Some good news from me: I passed my PhD viva yesterday with minor corrections, hooray! I now have a few weeks to sort out the corrections my examiners have asked for and then I will be able to submit the final version of my thesis. The speed in which my viva was organised caught me a bit by surprise (its only three weeks since I submitted my thesis for the first time) but it meant that my work was still fresh in my mind so that was good.
I would love to be able to talk more about the work that went into my thesis but that will have to wait until its been published as a journal article. Instead, this week’s post is about some research done by a friend of mine who studied the effects of temperature on wheat disease resistance during her PhD.
Changes in temperature alter yellow rust disease resistance in wheat
Yellow (stripe) rust is an economically important wheat disease. It is caused by the fungus Puccinia striiformis f. sp. tritici (Pst for short). Pst infects the leaves of wheat plants, entering through pores in the surface (stomata). As the fungus spreads throughout the leaf, yellow pustules form stripes on the leaf surface. The disease is becoming more common and there is a lot of interest in research that could help reduce crop losses. Many commerical wheat varieties have some level of resistance to Pst infection. However, in recent years some of these disease resistance traits have become less effective as forms of the fungus that can overcome the plant resistance emerge.
Some of the wheat genes that encode for yellow rust resistance traits have temperature dependent effects. For example the resistance gene Yr18 is more effective in wheat grown at lower temperatures, whereas Yr36 provides enhanced resistance at higher temperatures.
A recent study published in the open access journal BMC Plant Biology grew wheat line UC1041 under controlled conditions (controlled light, humidity, temperature etc.) to study the effect of temperature shifts on resistance to yellow rust (2). They grew the plants in 4 different daytime temperature regimes and inoculated the plants with Pst. The regimes were: 18 °C throughout, 25 °C throughout, 18 °C then shift to 25 °C at point of inoculation, and 25 °C then shift to 18 °C.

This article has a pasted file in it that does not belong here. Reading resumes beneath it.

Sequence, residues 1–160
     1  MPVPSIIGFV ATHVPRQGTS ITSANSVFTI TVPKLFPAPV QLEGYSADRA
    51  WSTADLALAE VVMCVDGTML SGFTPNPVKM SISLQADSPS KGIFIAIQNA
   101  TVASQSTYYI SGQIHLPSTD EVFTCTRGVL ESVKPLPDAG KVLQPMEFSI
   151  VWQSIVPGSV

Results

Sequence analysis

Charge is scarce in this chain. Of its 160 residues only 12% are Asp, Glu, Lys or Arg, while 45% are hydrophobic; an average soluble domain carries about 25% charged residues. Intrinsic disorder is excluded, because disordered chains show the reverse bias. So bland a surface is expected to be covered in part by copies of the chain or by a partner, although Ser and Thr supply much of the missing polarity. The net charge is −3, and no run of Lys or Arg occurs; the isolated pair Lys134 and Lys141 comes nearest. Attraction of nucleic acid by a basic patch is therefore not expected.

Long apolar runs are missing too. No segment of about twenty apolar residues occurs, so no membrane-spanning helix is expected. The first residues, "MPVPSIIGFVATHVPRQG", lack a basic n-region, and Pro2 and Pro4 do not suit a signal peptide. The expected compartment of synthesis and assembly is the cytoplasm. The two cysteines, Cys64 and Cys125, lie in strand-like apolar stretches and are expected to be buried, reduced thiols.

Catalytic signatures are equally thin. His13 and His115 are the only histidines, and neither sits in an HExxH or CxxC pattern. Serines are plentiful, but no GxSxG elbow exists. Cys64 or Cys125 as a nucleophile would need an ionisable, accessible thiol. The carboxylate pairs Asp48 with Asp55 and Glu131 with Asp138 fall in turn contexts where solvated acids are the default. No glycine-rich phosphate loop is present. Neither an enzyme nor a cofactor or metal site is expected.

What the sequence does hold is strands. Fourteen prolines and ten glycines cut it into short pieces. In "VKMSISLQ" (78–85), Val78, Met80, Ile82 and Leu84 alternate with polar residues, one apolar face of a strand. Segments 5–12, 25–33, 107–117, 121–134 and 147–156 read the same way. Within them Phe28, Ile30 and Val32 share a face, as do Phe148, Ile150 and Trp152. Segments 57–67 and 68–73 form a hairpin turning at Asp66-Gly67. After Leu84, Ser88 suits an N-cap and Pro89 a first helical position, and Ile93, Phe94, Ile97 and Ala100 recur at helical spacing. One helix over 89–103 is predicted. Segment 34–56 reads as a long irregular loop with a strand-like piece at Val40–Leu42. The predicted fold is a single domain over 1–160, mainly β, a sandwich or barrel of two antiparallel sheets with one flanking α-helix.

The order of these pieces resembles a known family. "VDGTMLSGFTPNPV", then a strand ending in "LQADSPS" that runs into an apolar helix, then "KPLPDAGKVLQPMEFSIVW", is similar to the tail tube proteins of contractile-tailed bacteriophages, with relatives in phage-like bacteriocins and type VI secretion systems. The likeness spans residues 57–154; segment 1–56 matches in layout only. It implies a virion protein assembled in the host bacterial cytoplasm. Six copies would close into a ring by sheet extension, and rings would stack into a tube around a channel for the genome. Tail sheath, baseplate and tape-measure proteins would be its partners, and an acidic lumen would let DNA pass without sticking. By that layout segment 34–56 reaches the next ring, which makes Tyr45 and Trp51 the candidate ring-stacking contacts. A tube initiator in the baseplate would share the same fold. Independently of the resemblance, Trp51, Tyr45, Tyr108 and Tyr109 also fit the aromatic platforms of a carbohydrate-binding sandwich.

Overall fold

They found that there was no difference in the levels of resistance between plants grown at 18 °C or 25 °C throughout the experiment (Figure 1 and 2) (1). However, the plants grown at 25 °C then shifted to 18 °C when inoculated with Pst showed decreased levels of resistance (more severe disease symptoms visible in Figure 1, scored in Figure 2). Conversely, the plants grown at 18 °C then shifted to 25 °C upon Pst inoculation showed increased levels of resistance. The researchers found that the effect of the temperature shift was independent of the resistance gene Yr36 (1).
The mechanisms underlying the effect of temperature shift on resistance in these wheat plants is not yet known. With our changing climate, understanding how temperature can affect disease resistance in plants could aid the development of more stable disease-resistance in crops.
1. Bryant et al (2014) A change in temperature modulates defence to yellow (stripe) rust in wheat line UC1041 independently of resistance gene Yr36. BMC Plant Biology
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Congratulations on passing your viva, Sarah!
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